<body><script type="text/javascript"> function setAttributeOnload(object, attribute, val) { if(window.addEventListener) { window.addEventListener('load', function(){ object[attribute] = val; }, false); } else { window.attachEvent('onload', function(){ object[attribute] = val; }); } } </script> <div id="navbar-iframe-container"></div> <script type="text/javascript" src="https://apis.google.com/js/plusone.js"></script> <script type="text/javascript"> gapi.load("gapi.iframes:gapi.iframes.style.bubble", function() { if (gapi.iframes && gapi.iframes.getContext) { gapi.iframes.getContext().openChild({ url: 'https://www.blogger.com/navbar.g?targetBlogID\x3d9520429\x26blogName\x3dchronicle+SINs\x26publishMode\x3dPUBLISH_MODE_BLOGSPOT\x26navbarType\x3dBLUE\x26layoutType\x3dCLASSIC\x26searchRoot\x3dhttps://chronicle-sins.blogspot.com/search\x26blogLocale\x3den_US\x26v\x3d2\x26homepageUrl\x3dhttps://chronicle-sins.blogspot.com/\x26vt\x3d6267844165283373390', where: document.getElementById("navbar-iframe-container"), id: "navbar-iframe" }); } }); </script>

To fly, we have to have resistance

Saturday, August 12, 2006

Last evening as I was on the way walking to the MRT station, I saw this physical challenged man wheeling himself to the MRT station as well. This thought came to mind initially... wah, he wheeled himself with his arms from the traffic light to the MRT station (about 200m or more) wouldn't his arm to tired? I remembered myself before when I do a certain repetitive exercise like lifting light weights above your head, after certain repetitive action you will feel your arm aching and refuse to hold as high as the first try.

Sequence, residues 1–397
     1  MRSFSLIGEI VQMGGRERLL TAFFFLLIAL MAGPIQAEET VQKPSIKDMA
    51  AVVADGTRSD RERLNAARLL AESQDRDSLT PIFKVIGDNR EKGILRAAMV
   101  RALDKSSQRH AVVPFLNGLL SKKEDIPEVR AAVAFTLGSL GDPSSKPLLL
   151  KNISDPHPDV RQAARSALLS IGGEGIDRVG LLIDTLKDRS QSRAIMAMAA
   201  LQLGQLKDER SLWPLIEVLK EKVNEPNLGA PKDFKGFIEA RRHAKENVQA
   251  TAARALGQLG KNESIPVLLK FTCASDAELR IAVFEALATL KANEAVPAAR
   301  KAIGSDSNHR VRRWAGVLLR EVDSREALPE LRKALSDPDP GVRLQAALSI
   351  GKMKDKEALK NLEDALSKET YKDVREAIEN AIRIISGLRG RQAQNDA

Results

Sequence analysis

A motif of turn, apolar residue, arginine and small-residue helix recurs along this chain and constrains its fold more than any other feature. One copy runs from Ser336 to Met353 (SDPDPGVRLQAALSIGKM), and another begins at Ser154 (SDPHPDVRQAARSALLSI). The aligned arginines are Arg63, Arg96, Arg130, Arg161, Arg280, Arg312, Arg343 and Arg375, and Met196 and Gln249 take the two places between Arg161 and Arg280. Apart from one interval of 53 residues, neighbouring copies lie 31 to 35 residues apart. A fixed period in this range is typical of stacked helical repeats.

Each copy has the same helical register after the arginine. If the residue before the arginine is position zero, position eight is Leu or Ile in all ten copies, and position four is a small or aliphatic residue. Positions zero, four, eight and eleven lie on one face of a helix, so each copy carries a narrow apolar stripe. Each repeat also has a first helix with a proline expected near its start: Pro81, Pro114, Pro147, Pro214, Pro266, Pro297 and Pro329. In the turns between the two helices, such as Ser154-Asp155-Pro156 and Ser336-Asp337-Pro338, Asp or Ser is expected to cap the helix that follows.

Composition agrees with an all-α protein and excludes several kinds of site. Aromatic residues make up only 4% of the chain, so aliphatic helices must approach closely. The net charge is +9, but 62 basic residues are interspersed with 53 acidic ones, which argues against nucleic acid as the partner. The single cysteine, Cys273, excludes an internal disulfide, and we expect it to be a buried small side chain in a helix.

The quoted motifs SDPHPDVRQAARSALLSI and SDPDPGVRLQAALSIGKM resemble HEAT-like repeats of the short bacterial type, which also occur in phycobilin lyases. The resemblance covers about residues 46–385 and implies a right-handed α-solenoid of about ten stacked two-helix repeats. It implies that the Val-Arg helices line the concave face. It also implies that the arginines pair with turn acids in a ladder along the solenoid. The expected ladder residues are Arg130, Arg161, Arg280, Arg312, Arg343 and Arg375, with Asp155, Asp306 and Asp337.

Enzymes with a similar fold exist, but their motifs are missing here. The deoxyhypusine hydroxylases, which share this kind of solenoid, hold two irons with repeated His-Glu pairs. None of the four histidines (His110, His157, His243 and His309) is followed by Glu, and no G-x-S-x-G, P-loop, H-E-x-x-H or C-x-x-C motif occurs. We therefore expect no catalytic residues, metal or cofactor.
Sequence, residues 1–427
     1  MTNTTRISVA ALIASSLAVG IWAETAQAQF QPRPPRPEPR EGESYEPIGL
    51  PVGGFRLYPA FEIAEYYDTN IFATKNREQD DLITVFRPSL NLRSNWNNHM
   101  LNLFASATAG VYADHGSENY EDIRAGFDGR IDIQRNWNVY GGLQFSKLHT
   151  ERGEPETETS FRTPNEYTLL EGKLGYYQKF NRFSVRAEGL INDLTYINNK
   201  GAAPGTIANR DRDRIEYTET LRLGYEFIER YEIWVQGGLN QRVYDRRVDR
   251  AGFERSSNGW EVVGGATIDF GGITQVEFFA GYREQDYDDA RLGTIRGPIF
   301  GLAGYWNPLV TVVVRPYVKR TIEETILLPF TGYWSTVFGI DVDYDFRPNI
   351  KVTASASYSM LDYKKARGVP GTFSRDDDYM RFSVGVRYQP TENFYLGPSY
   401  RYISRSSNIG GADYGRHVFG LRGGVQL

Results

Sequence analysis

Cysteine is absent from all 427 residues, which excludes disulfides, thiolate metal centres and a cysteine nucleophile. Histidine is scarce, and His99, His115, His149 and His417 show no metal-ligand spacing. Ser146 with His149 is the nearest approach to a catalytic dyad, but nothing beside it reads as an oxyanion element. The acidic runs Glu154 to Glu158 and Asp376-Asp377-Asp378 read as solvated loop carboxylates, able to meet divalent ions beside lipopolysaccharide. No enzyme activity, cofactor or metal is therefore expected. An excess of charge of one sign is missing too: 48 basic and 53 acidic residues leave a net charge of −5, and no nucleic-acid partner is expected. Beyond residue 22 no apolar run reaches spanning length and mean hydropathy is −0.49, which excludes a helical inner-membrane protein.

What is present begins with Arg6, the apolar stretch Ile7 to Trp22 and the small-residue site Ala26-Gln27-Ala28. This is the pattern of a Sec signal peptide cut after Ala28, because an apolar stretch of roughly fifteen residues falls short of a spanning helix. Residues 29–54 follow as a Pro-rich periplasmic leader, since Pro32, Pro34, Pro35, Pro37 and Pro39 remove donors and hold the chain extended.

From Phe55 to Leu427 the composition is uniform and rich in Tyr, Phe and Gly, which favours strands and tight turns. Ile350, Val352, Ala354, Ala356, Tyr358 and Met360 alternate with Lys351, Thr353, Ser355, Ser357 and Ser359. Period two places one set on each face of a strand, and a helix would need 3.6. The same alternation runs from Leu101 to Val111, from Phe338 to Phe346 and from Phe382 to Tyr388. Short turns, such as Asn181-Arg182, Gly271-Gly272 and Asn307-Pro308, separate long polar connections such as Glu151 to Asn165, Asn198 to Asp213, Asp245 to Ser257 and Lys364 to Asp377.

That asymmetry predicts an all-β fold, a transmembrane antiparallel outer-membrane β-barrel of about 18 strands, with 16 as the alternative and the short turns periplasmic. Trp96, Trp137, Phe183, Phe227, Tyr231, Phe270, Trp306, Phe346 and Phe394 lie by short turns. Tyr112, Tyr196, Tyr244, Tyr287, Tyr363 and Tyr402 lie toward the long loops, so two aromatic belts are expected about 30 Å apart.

Imagine if the wheeling action wheel him over like 0.5m, he will have to wheel like about 100 times for a 50m distance. This distance does not factor in roads that are not even, theres's a gentle up slope, and down slope for that road. And so my concerns is since this is just part of the journey, wouldn't his arm feel tired? Why does he take the effort to go take the public transport?

But the last question was immediately answered by my own second thoughts. Somethings in life maybe fair after all. You lose the ability in certain area, you gain some in other areas. In the example of the blind, most of them would develop a strong hearing capability. For his case, he might not be able to walk on his own, but I'm sure with his perservances and his pair of
strong arms he is able to overcome the distance factor.

Nearer to the MRT station, they have built this slope for the disabled, however it seems like the conviences of the rest to just walk up or down the slope passage way. When this gentleman came wheeling up the slope, the passage way was conjested, and mind you for him to wheel up it would take extra efforts to counter the difting down effects. Luckily a kind middle aged lady gave him a push up the slope to make his journey up the slope smoother.

In lieu of all this, the national day speech commented about making the nation a smoother road for the disabled. For this I am sure we can do more for this, not just by building slopes or lifts for them, everyone of us can just make small efforts like giving ways for them or like the lady giving the extra push/support for them.

Reflecting back in my memories, I remembered reading articles about Dr William Tan who was wheel chair bound but never gave up his goal to be a doctor when young. He took part in the various marathon and charity events to raise for the different organizations. Then there is this ex-colleauge that is in the company, I wonder how he is doing currently.

In ending, I like to take quotes to reminds myself or ourselfs of what difficulties is.

Richard Bach - "Every problem has a gift for you in its hands."
Epictetus quotes - "It is difficulties that show what men are"
Albert Einstein - "In the middle of every difficulty lies opportunity."

Author: sins » Comments: